Can a Buddhist economic system increase happiness? Can the notion rooted in Buddhism — the ultimate purpose of life is inner happiness– be delivered by state intervention? Jigme Singye Wangchuck, the king of Bhutan (a Buddhist nation) suggested in 1972 that countries should be more concerned with “Gross National Happiness” than with Gross Domestic Product. His four pillars of GNH are: economic self-reliance, environment preservation, promotion of indigenous culture and good democratic governance. Richard Easterlin, professor of economics at the University of Southern California a supporter of this concept says “We have been misguided in dismissing what people say about how happy they are and simply assuming that if they are consuming more apples and buying more cars they are better off.” But history bears the evidence that economists’ failure to distribute happiness equitably is as successful as their distribution of wealth.
So much for the economists; what do the psychologists say? Mihaly Csikzentmihalyi, conducted an elegant experiment with people from various cultures. He distributed pagers to a few thousand people and paged them randomly. He asked them to write down what they were doing and how they felt when the pager beeped. The investigation tried to capture the activity at the moment when people said they were happy. The study showed that people were happy when they were immersed in what they were doing and were oblivious even of the passage of time. They were experiencing what Csikzentmihalyi called “flow”.
Psychologists have even tried to quantify happiness. Interviews with more than 1,000 people has yielded the following: Happiness = P + (5xE) + (3xH). Here, P is personal traits like outlook and adaptability, E is existing health , finances and relationships; H stands for higher attributes like aspirations, expectations, self esteem and humor. Sounds like it is Dhammapda wine in a mathematical decanter.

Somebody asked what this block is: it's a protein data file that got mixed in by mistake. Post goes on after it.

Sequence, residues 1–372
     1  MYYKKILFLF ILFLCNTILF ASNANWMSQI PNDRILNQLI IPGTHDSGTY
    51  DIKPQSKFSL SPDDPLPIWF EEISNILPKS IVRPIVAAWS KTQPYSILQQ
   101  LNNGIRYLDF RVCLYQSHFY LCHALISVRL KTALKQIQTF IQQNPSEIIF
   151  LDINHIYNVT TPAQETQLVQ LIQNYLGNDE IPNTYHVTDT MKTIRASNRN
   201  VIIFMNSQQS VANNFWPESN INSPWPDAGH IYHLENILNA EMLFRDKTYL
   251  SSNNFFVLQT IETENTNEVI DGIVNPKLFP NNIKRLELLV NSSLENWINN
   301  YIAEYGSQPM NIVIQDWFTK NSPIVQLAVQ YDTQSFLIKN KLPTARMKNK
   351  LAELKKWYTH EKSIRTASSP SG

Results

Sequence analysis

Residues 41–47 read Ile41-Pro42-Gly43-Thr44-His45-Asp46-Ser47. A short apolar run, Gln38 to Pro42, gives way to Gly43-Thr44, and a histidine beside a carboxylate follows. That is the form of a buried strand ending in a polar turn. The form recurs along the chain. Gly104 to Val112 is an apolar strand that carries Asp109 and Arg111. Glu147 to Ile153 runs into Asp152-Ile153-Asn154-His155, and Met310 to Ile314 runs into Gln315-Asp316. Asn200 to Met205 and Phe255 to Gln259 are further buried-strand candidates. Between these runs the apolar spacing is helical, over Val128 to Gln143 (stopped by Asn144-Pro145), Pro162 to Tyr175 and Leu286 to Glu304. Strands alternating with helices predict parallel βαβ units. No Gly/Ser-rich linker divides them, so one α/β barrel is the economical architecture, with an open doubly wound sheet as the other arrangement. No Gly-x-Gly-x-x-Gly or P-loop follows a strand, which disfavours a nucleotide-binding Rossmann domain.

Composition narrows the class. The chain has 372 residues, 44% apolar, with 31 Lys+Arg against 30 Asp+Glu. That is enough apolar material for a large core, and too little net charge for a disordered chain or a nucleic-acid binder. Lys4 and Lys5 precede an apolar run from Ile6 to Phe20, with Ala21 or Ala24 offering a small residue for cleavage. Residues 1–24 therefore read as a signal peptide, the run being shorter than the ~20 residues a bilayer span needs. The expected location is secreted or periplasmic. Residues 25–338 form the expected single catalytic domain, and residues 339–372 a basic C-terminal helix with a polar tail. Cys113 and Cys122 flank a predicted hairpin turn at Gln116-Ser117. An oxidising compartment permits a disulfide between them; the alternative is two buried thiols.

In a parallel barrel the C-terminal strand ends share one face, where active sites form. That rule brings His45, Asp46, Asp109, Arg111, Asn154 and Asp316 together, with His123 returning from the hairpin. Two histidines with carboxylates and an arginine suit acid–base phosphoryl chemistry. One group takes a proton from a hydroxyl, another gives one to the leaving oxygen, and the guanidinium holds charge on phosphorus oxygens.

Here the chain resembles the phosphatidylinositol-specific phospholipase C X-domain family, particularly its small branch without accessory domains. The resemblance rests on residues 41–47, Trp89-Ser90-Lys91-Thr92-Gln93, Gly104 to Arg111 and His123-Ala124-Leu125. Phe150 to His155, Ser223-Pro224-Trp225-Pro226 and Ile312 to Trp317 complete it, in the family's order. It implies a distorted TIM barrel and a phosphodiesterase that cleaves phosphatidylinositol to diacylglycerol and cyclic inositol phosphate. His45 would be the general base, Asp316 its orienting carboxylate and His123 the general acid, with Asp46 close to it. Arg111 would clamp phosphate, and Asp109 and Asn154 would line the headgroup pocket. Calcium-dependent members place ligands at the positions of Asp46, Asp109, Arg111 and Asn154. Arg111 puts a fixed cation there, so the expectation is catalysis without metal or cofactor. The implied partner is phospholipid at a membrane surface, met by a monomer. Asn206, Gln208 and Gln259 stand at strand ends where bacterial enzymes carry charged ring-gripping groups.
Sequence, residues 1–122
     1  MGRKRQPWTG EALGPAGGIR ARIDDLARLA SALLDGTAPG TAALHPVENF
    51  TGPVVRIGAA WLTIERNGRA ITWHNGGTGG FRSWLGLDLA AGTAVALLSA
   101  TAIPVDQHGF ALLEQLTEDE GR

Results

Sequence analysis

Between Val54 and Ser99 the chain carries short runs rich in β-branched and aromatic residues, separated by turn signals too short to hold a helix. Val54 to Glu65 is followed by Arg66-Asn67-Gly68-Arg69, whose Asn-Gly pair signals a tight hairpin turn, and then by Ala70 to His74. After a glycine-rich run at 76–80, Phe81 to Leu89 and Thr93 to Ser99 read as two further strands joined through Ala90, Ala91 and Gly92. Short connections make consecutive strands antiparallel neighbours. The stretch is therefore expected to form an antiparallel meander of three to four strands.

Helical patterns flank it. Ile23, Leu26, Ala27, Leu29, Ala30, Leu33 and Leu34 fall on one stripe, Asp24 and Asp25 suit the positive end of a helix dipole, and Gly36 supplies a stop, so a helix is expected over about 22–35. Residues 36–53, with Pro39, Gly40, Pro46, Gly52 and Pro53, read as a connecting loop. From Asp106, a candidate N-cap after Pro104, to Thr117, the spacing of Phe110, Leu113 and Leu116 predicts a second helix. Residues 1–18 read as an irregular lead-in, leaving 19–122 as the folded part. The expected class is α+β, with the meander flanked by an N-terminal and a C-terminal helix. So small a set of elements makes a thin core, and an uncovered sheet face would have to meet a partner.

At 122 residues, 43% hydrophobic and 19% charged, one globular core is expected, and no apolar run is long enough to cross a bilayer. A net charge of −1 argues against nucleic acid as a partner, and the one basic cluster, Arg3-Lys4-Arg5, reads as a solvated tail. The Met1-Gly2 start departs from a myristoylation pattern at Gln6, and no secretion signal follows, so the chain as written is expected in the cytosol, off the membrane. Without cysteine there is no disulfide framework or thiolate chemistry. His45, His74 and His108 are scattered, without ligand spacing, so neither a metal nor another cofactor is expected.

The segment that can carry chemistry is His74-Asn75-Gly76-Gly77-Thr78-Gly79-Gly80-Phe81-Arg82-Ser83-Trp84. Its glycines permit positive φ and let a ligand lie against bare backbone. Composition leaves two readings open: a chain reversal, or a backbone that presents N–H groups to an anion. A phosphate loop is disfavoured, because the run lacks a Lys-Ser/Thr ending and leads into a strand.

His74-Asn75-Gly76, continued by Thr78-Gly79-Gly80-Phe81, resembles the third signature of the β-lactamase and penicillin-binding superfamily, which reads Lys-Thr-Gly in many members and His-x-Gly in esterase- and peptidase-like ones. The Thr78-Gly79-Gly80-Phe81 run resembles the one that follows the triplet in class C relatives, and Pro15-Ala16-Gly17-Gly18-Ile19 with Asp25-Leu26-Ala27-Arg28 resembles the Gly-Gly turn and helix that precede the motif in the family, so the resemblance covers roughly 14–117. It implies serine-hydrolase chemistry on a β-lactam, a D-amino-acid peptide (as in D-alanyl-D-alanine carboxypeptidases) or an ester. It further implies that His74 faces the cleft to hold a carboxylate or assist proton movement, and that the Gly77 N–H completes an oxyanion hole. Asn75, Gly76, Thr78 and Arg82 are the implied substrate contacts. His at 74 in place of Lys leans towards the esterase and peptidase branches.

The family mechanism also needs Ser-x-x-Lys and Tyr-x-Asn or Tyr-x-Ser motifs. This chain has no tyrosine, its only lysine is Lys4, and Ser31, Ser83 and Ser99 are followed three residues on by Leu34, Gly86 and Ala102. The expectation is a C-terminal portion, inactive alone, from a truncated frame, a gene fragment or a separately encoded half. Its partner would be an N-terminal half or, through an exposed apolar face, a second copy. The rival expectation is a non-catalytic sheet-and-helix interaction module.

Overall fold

Other psychologists have shown that happiness is not a formula but an inherited endowment. The level of happiness stays at a predetermined ‘set point’ and alters only temporarily after a life changing event. You would presume that a lottery winner will be eternally happy and a person crippled by an accident sad for ever. Not so. Both return to their original frame of happiness after about a year. Consider this formula: H=S+C+V. Here, H is happiness, S is your set point for happiness, C is the life situation and V is voluntary activity.
A formula can give you understanding of the happiness but cannot enhance it. Enter the biochemists who don’t want to be left behind in the pursuit of joy chemicals. They have matched our glandular secretions to our emotions. Some molecules seem to mirror our emotions:
- Oxytocin – a hormone that augments uterine contractions during labor- is our bonding agent. The hypothalamus exudes it abundantly during bonding, mating, pregnancy and even a sensual massage.
- Endorphins are internal opiates that relieve pain and induce a ‘high’ during strenuous jogging and are also released during laughter and orgasm.
- Dopamine is the achievement and reward hormone; the levels rise not only after an accomplishment and also with the anticipation.